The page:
Writing for Business & Finance Magazine, Constantin Gurdgiev of Trinity College makes a strong point why Ireland should move from current two-fold progressive income tax code toward a single, zero-tax deduction flat rate on personal income. Ireland already has a single 12,5 percent tax rate on corporate income. Consequently, supply-side tax reduction enormously enhanced the inflow of foreign direct investment into Ireland and benefited the overall Irish economy respectively.
One of the essential standpoints in adopting the flat rate on productive behavior such as labor supply in this particular case, is the point of compliance costs which occur as a consequence of complicated tax code which penalizes the productive engine of the firm by forcing it to accept cost-push drifts to comply and pass annual tax liabilities. In almost all case of adopting the flat rate on labor income, compliance costs were reduced by 75-95 percent. And since these costs run on average between 5-10 percent of the payroll costs, these savings amount to € 1390-2780 per working Irish person per annum.
Since a single and supposedly low rate on labor income no longer produces cost-push shock such as increasing incentives to favor tax evasion but, instead, broadly strenghtens the tax base and tax liabilities no longer end in adding burden to productive behavior such as investment, risk-taking, labor supply and entrepreneurship. Supply-side reductions of tax burden are based on the correct assumption extracting from the Laffer Curve which states that, the higher the tax rate, the lower the amount of taxable income as tax basis is tightly decreased accordingly and there is also a common empirical evidence that high tax burden levied by taxpayers, ends in the spiral of disincentives to work, save and invest. In the age of global economy, competitive fiscal stance is a crucial issue, since revenue-neutral taxation of labor income no longer wedges addition unit of earned income.
Also by removing the negative side-off of the progressive tax creeps, flat tax stimulates productivity-adjusted increases in market labor supply as well as the single rate removes the incentives to shift the labor supply to informal economy. Ventura (1999) showed that, in the U.S case, due to highly positive effects on individual incentives to supply and invest, in human capital and labor supply productivity, a revenue-neutral system of the flat rate adds a 9 percent increase to aggregate efficiency of labor force.
However, there remains much opposition to revenue-neutral flat rate on individual income, emerging from egalitarian myths among which Slovenian socialists are the staunchest supporters of the progressive income tax. It is not difficult to disapprove these myths. Zero-tax deduction significantly benefits the poor by leaving them into the space of zero-tax liabilities in accordance with the size of personal deduction. Disregarding the ratio between zero-tax deduction and the flat rate on individual income, the higher the income the individual earns, the higher the income tax liability which an individual has to bear and the same effect is achieved without negative side-effects, such as disincentives to labor supply, complex tax code, loopholes, preferred deductions, exemptions, and tax evasion, all of which generate the enormous size of compliance costs.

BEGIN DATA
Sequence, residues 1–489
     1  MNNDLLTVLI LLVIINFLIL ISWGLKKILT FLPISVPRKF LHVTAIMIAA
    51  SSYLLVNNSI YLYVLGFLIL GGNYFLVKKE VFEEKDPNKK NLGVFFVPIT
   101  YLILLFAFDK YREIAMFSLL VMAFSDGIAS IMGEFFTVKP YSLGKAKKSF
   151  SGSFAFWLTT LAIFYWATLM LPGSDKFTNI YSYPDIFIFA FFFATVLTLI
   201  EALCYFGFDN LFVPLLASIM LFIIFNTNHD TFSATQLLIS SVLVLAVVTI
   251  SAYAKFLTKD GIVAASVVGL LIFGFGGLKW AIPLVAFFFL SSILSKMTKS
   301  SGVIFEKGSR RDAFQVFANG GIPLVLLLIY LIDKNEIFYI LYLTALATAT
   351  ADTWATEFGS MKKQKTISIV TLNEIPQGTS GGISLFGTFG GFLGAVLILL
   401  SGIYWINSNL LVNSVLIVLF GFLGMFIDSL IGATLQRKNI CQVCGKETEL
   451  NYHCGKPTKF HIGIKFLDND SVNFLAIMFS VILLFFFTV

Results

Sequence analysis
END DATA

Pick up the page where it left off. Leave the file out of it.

There are estimated three possible scenarios in Irish case for tax reform:
- 25 percent flat rate and € 20 000 standard personal deduction
- 25 percent flat rate and € 25 000 standard personal deduction
- 20 percent flat rate and € 20 000 standard personal deduction
Irish 'status quo' currently stands at two different progressive rates on personal income; 20 and 42 percent where the standard deduction is € 2870.
It is important to note that even before factoring the effects of growth, saving and greater investment in knowledge-intensive areas, the poor would significantly benefit and gain respectively under the expectations of the flat tax reform. Every economist admits that capital formation is a key to economic growth. Existent tax codes pose severe risk to invest in human capital, to save and take risk and to boost the engine of productive behavior. Progressive taxation, which was originally proposed by Karl Marx, penalizes additional units of value-added and thus implicitly create disincentives to invest in human capital and assets to further spread the entrepreneurship and social mobility.
Small and open economies vastly depend on innovation and investment in knowledge-intensive source of supply and that's why the question of tax burden is evenly crucial as it situates them whether competitively or uncompetitively on the global competitiveness map. Thus, flat tax is not a pundit of luxury but a neccessity which Irish economy deserves to stay in line with greater international competitiveness and competitive fiscal management.
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Ken Griffin: British tax reform plans could affect Ireland, Sunday Tribune;
Luc Van Braekel: Analyzing the Irish tax model. Celtic Tiger ready to meet the Challenges of Globalization and Ageing, Work for All;
EU: Causes of Growth differentials in EuropeTowards a Tax Policy for Growth and Jobs;
Benjamin Powell: Markets created a pot of gold in Ireland, Cato Institute/Fox News Online;
Low-tax policies created the tiger, Sunday Independent;
Sean Dorgan: How Ireland Became the Celtic Tiger, Heritage Foundation;
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